Yesterday marked the world’s 44th Earth Day. At its heart, Earth Day aims to raise awareness and encourage consciousness about the environmental movement. Today, over 1 billion people celebrate Earth Day. Growing from a national rally of 20 million Americans, Earth Day has become the largest secular international holiday.
This year, the Earth Day Network (EDN) promoted the international holiday under a “Green Cities” campaign: the goal was to decrease climate change emissions while encouraging the growth of “green” urban practices. The EDN is simultaneously aware that while cities emit a large percentage of the emissions that increase global warning, they are also a huge source for potential sustainability projects such as urban gardening, solar energy intake, education, and more.
The EDN, established by the first-Earth-Day-pioneer, Denis Hayes, operates with over 22,000 partners in 192 countries to encourage environmental awareness and action. Its far-reaching impact could be felt throughout the month of April as international partners celebrated Earth Day in various ways: in Tanzania, the Green Foundation Trust planted trees in the Mount Meru forest; the Huanghuacheng Great Wall was cleaned up by hikers in Beijing; in the UK, students at the University of Exeter held educational workshops on energy efficiency through the “EnergyWise” project.
At home in the United States, President Barack Obama delivered a proclamation outlining the green initiatives accomplished during his presidency, as well as future national and international sustainability goals:
“…America has increased the electricity it produces from solar energy by more than tenfold, tripled the electricity it generates from wind energy, and brought carbon pollution to its lowest levels in nearly two decades.”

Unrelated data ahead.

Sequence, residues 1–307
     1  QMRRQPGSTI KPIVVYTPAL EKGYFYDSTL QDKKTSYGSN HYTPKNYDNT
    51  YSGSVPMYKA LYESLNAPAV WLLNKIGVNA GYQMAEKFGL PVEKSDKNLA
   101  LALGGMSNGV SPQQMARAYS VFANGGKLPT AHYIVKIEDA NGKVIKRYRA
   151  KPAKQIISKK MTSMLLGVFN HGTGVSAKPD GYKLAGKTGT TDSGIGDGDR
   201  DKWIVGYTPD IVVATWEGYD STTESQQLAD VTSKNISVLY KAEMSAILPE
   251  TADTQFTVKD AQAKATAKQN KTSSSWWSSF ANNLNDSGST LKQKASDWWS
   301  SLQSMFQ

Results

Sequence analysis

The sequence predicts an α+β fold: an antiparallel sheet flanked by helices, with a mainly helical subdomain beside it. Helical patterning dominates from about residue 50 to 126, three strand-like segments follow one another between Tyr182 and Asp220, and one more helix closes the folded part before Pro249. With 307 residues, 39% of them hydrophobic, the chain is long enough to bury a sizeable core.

-President Barack Obama
Though we have come a long way since the first Earth Day in 1970, there is a lot of progress to be made. Since that day in history, American citizens have increased the amount of trash they produce daily (from 3.3 pounds on average in 1970 to 4.4 pounds in 2012), yet 46% of this waste is either recycled or used for energy via composting or burning– landfills and incinerators were practically the only option for waste disposal forty years ago. Environmental Science has developed as a major in universities nationwide; on the other hand, old student dorms remain ill-equipped to contain heat during rough winters. And since students swept up Union Square on that first Earth Day in 1970, environmentally-conscious restaurants such as Ngam have popped up in New York’s “hip” East Village.
Earth Day has already come and gone, but that does not mean environmental action is postponed until next April. We cannot forget that just one day after the first Earth Day in 1970, the National Mall was flooded with litter; environmentalism is an everyday awareness and recognition of responsibility for one’s actions. If you want to participate in online activism, check out the EDN’s continuing efforts under the Green Cities campaign. Keep making small and simple sustainability practices a daily habit: think about turning off the lights when you leave a room, unplugging your laptop when it’s charged, purchasing less excess items at the grocery store and buying a Brita filter for your fridge instead of Poland Spring bottles! (Also, check out go green cuisine’s Twitter account for a great “green” recipe!)
Have any other simple suggestions? Want to share how you celebrated Earth Day? Please comment below!